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Has Israel Learned The Lessons Of Operation Cast Lead?


Unlike Operation Cast Lead, in which the Israel Defense Forces shelled crowded places like police stations near schools from day one, this time it’s clear the IDF is trying to avoid heavy Palestinian fatalities.

This conclusion cannot console the family members of those killed and wounded so far. Nor does it allay the fear of what could still happen.

By Thursday afternoon at least four Palestinian civilians had been killed in air strikes − an 11-month-old, a 3-year-old girl, a young pregnant woman and a 60-year-old man. Dozens of civilians were wounded.

Although Israel renounced responsibility for the civilian Palestinian fatalities in Operation Cast Lead, it now prefers to reduce the number of bloody spectacles. Such spectacles, which were not shown on Israeli television in 2008-09, were seen all over the world and raised unprecedented protest.

In contrast to the military and PR lesson Israel learned after Cast Lead, it has learned no political lesson this time; it’s sticking to the concept that killing Hamas military and political leaders can subdue the organization.

Hamas is a mass movement and an organization with institutions, internal discipline and laws. Unlike Fatah, it doesn’t depend on a charismatic figure or on the personality of one strong leader. Its policy and debates are marked by continuity, even if senior officials are killed by an Israeli missile or bomb.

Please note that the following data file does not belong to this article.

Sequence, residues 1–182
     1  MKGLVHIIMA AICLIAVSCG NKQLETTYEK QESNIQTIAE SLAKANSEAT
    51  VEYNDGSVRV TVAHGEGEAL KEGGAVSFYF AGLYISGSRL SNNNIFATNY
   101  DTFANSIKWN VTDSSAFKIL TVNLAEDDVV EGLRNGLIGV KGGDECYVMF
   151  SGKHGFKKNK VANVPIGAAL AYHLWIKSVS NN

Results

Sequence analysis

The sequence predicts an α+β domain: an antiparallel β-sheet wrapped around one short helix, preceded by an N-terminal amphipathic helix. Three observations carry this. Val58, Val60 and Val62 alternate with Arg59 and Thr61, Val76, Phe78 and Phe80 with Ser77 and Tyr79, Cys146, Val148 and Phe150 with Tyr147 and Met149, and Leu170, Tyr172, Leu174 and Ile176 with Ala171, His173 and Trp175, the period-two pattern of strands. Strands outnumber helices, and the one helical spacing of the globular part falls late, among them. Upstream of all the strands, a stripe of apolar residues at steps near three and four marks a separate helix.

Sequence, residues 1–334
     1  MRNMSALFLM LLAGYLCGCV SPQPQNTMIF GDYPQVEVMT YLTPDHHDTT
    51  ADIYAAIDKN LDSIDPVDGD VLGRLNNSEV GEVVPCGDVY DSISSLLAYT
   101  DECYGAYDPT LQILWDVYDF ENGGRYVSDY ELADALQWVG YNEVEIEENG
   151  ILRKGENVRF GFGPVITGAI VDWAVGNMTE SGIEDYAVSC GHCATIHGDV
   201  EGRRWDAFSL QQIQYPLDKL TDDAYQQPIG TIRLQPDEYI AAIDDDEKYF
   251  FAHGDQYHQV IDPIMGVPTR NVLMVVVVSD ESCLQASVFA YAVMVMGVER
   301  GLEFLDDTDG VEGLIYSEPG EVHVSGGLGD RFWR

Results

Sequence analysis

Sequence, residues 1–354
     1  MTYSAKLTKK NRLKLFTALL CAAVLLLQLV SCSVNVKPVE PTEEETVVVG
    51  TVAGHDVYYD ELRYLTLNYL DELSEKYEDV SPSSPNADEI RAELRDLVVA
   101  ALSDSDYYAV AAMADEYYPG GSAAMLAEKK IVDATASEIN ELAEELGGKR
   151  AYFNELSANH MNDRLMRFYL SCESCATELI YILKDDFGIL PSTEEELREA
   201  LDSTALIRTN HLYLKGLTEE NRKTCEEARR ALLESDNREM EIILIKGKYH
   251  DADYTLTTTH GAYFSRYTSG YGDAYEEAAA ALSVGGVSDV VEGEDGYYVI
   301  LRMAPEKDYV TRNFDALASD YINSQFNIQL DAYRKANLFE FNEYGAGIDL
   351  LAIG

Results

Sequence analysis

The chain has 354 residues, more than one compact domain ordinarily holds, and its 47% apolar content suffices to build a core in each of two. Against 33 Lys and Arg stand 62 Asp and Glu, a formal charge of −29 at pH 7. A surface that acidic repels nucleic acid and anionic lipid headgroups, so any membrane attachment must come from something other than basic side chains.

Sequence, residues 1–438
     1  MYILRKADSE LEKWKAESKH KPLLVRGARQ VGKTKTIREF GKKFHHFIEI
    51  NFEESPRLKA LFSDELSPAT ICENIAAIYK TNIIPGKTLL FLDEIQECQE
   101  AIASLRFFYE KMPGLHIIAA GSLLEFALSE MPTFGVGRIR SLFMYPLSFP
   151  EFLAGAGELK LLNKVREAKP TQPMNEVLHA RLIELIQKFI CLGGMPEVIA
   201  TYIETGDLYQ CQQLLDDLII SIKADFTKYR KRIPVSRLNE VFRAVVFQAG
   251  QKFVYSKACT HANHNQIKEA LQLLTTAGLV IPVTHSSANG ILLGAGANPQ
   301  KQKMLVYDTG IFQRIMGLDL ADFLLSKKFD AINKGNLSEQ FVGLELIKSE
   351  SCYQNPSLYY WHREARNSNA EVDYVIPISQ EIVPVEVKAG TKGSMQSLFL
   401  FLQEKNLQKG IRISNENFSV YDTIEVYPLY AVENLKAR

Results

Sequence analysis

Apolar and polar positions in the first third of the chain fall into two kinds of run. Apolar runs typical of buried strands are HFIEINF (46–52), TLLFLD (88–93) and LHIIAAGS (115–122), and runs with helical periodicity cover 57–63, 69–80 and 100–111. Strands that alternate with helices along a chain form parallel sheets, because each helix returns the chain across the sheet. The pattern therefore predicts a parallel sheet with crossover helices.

Israel’s leaders could have learned this lesson a long time ago had they wanted to. They could also conclude that military attacks on the entire Palestinian population unite it behind its leaders and silence criticism.

The Gazans have many reasons to complain about Hamas, which deserves its reputation as an oppressive ruler. But even Hamas’ opponents are convinced that Israel is not just the occupier but the aggressor as well. So when the attack is over, Hamas will remain, probably stronger.

Hamas is doing everything it can to prove it can do better than Fatah as a ruling party and can thwart the Israeli occupation (a vague term sometimes referring to the entire country and sometimes to the territories occupied in 1967).

To achieve this goal, Hamas didn’t care if it turned the Gaza Strip into a pseudo-state, thus deepening the political and social rift with the West Bank. The ties with the Muslim and Arab world are more important to Hamas than the safe passage to Ramallah. 

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